- Sean Ellis & Moran Brown – Startup Growth Engines: Case Studies of How Today’s Most Successful Startups Unlock Extraordinary Growth, 2014
- Gabriel Weinberg & Justin Mares – Traction: How Any Startup Can Achieve Explosive Customer Growth, 2015
- Sean Ellis & Moran Brown – Hacking Growth, 2017
- Parul Agrawal & Rohan Chaubey – The Growth Hacking Book, 2019
- Wes Bush – Product Led Growth, 2019
- Parul Agrawal, Rohan Chaubey & Sourabh Goyal – The Growth Hacking Book 2, 2021
- Ramli John – Product-Led Onboarding, 2021
The methods described in these books overlap with two other areas: Innovation & Business Model Design and Experimentation.
Innovation & Business Model Design Books
- Alexander Osterwalder & Yves Pigneur – Business Model Generation: A Handbook for Visionaries, Game Changers, and Challengers (The Strategyzer Series), 2010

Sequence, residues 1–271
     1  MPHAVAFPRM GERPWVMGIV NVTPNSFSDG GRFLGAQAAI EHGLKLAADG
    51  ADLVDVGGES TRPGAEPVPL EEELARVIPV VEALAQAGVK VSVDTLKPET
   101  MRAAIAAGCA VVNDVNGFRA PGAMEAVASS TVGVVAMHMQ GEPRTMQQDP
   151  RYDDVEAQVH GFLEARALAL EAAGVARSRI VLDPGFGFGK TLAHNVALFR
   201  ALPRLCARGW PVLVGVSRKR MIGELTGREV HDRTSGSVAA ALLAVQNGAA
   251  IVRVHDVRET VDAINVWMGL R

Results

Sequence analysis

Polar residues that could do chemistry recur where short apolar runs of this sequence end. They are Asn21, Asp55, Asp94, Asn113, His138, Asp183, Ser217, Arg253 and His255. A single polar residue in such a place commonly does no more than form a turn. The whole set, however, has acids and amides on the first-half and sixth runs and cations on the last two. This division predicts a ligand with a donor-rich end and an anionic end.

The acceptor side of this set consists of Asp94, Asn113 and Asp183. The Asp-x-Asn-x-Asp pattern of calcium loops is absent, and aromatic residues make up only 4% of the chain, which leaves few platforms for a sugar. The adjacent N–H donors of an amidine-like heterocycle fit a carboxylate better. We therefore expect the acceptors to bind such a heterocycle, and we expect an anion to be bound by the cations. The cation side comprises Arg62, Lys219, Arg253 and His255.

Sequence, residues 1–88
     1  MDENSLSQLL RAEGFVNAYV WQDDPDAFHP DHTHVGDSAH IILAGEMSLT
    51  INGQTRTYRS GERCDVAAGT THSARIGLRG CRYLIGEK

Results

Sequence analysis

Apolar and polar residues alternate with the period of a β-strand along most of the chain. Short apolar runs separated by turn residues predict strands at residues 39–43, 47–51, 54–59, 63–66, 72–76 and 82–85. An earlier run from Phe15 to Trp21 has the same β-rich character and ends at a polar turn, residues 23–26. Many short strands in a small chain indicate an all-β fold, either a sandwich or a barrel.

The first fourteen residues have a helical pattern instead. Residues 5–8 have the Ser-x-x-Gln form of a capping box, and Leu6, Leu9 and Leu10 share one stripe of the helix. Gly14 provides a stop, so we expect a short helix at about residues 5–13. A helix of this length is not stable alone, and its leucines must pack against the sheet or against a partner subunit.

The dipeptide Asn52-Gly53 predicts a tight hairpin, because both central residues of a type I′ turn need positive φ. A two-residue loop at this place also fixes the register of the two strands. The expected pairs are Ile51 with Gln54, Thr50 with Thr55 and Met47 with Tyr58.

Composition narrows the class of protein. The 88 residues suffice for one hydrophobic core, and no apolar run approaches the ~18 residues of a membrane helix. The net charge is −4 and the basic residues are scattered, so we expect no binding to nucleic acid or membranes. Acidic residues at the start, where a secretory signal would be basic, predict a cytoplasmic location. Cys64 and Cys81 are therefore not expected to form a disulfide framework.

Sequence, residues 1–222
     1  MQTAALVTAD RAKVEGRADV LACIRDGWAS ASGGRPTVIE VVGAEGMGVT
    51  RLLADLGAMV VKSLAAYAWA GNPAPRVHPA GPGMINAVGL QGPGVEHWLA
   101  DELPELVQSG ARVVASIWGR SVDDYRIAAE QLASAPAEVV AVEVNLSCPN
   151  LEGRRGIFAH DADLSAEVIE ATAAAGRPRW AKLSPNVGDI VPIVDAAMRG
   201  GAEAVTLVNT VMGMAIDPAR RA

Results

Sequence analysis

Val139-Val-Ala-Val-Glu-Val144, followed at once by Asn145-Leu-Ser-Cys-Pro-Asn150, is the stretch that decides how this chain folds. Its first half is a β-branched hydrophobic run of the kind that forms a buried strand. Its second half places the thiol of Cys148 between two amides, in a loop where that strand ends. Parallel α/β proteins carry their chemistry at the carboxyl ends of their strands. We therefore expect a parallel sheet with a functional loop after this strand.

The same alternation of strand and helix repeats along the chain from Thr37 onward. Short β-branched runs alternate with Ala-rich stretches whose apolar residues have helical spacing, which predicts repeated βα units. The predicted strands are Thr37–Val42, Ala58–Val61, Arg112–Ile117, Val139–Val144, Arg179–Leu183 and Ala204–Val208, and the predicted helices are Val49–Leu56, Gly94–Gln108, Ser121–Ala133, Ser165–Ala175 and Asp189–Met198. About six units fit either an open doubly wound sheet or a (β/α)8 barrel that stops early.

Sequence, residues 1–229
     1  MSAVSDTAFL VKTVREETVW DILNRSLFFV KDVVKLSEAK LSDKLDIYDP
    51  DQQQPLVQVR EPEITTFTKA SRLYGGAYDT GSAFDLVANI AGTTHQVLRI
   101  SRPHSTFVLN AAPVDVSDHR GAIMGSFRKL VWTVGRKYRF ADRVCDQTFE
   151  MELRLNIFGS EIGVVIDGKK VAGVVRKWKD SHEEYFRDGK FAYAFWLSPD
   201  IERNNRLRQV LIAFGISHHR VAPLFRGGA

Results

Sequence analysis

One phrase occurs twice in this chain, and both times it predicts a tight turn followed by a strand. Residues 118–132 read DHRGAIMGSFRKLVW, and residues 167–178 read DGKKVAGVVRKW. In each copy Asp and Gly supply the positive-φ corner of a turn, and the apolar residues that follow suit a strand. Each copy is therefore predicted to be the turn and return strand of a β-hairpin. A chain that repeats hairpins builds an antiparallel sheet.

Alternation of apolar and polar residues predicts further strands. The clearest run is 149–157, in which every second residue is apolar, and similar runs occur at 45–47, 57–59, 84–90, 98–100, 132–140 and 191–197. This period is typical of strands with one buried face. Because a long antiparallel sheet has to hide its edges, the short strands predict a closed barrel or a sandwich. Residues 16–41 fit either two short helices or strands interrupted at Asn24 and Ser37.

- Alex Osterwalder, Yves Pigneur, Greg Bernarda & Alan Smith – Value Proposition Design: How to Create Products and Services Customers Want (The Strategyzer Series), 2014
- Alexander Osterwalder & David J. Bland – Testing Business Ideas: A Field Guide for Rapid Experimentation (The Strategyzer Series), 2019
- Frederic Etiemble, Alan Smith, Yves Pigneur & Alexander Osterwalder – The Invincible Company: How to Constantly Reinvent Your Organization with Inspiration From the World’s Best Business Models (The Strategyzer Series), 2020
- Bob Dorf & Steve Blank – The Startup Owner’s Manual: The Step-By-Step Guide for Building a Great Company, 2020
- Stefan Thomke – Experimentation Works: The Surprising Power of Business Experiments, 2020
- Diane Tang, Ron Kohavi & Ya Xu – Trustworthy Online Controlled Experiments: A Practical Guide to A/B Testing, 2020
I strongly believe in reading a lot of books. The best growth people I know have a great passion for personal development and see that as a foundation for their growth.